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Sunday, August 19, 2012

The End of Ramazan. How Did I Do?

Children's kite landed on our roof. Just like in Kabul
they children fly kites here on windy days.
Ramazan, or Ramadan in Arabic, is over. Today, Sunday August 19 is the official end of Ramazan and the beginning of a celebration called Eid. Some Afghan friends estimate that about 80% of the population in the cities probably fasted during Ramadan. In the rural areas it was closer to 100% excluding children, the elderly and the sick. Also women who menstruate are also excluded for three days during that period of the month.

I have to admit it was tough when those temperatures hit 110F and above. Ramazan moves around on the calendar so it is not always during the peak summer months. I have to admit it was much easier when the day time temperatures were closer to 100F which fortunately was fairly often which was unusual here.



Afghan local tomatoes. 
Yes, they are as good as they look. 
How did I do? I came to a crisis point. One Afghan woman asked me in a rather impatient tone why I was fasting. She actually seemed like she was offended. I told her that I wanted to find out what my staff was going through. How could I know what I could ask them to do or not to do if I did not understand their situation. Her gaze softened. Her face turned to one of shock almost. She had  never considered this as a reason why someone might do this. Once she understood my motives she became a good friend but she was distant until she understood the Why.

This also caused me to think through my reasoning and the fasting restrictions I had put on myself. If I wanted to understand what they were going through, couldn't I just do it for a couple of days, understand the hardship, and break the fast for myself? I could. Would I understand the long term effects that fasting for a month had on my staff? Probably not
. But certainly there was no reason for me to wait for the Mull
Local higher end retail market. The low end is at the
bazaar.
ah to give his prayer some time around 7 pm to break my fast. I was not Muslim and I didn't need to live by this conduct. So I would break my fast after they went home for the day and I was alone...usually around 6 pm. Did I need to get up at 230 am and eat and drink so I could start fasting when the Mullah gave his prayer at around 430 am? No. So when I got up at 5 am i belted down my cup of java and then began my fast. Water and food.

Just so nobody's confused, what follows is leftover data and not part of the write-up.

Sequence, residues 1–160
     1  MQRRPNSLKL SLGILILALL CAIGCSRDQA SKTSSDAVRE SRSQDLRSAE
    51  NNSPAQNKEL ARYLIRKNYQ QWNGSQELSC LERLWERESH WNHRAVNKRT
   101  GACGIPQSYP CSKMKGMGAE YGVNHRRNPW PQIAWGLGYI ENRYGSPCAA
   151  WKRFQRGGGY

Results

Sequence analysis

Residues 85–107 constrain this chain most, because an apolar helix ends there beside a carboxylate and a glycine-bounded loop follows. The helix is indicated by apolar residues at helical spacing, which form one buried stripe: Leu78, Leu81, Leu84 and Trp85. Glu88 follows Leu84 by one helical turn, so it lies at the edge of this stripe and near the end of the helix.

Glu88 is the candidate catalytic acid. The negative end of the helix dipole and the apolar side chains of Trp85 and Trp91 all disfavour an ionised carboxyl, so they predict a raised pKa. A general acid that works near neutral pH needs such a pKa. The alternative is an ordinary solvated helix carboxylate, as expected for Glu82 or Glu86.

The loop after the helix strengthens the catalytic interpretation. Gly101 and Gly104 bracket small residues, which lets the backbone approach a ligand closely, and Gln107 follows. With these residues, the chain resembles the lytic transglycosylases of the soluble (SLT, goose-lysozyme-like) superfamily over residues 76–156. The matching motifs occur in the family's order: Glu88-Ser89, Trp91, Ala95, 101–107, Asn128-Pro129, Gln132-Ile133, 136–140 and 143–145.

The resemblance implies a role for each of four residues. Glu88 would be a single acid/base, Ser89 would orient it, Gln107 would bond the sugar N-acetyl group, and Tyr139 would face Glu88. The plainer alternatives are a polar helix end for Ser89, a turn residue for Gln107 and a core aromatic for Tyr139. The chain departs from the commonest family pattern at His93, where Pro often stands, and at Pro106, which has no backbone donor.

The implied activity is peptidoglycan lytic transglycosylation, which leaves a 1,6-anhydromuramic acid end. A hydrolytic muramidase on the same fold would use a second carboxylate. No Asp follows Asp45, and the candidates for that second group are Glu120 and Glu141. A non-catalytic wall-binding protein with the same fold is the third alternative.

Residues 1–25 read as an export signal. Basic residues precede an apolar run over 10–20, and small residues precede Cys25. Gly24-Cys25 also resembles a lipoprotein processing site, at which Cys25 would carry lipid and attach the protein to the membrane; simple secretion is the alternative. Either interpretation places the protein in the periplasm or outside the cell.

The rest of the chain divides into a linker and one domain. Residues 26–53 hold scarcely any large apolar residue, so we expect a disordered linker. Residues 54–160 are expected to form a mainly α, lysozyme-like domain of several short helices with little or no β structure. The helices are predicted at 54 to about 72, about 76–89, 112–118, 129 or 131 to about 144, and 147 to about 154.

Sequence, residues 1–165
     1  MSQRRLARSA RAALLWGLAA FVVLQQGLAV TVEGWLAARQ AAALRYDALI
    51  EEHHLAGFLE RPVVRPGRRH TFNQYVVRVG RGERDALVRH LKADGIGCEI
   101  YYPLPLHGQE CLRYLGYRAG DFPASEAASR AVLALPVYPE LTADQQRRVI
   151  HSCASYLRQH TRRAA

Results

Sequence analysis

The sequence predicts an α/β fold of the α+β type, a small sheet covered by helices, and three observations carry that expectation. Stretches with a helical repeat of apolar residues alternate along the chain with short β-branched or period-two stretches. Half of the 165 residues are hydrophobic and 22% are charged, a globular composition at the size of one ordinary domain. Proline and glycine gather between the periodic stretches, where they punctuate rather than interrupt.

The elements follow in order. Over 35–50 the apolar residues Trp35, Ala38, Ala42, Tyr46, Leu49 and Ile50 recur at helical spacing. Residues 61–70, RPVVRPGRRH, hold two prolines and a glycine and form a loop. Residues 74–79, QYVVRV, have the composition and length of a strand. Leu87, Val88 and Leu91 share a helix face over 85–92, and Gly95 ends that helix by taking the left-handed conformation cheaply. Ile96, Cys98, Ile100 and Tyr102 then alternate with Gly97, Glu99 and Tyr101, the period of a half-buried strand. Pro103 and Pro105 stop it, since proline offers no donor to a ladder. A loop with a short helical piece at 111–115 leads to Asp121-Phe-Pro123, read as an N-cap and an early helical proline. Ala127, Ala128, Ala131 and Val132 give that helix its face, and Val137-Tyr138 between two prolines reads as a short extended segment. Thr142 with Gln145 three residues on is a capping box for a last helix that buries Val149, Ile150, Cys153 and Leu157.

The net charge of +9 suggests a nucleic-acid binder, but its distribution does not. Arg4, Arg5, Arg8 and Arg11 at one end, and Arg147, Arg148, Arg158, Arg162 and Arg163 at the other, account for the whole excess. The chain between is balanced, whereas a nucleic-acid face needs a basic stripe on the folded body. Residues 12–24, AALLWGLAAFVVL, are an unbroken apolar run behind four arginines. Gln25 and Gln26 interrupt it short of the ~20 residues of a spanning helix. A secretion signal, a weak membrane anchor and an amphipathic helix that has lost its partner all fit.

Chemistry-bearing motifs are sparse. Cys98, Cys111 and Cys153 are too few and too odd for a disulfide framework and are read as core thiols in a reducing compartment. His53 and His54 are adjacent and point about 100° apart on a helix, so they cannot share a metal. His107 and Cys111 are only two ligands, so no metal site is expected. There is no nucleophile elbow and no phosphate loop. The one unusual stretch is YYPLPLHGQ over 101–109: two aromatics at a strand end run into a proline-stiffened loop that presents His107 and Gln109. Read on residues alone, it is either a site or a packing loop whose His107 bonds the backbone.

The time of Eid is a time when family and friendships are renewed. The first day family visited each other. Food, massive amounts of good food they could or could not afford, was laid on the table. Candies, fruits, vegetables, meat,... it was all there. The second day close friends would visit other close friends. And the third day everyone joined in. It is a special time for children. Almost like our Halloween without costumes, children visiting and given candy and goodies at each of the houses.

I have been invited to two homes so far on tomorrow. I feel honored. It is the second day of Eid. I have close friends. I feel blessed.

2 comments:

  1. Your personal experiences and stories have been so interesting. Thanks so much for sharing them with us. A few of our group that you spoke to in Kingman, Az are on our way to becoming master gardeners in a year. Until then, we are volunteering and learning so much and loving it!

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  2. Congratulations and keep up the good work! I know Rob appreciates it!

    ReplyDelete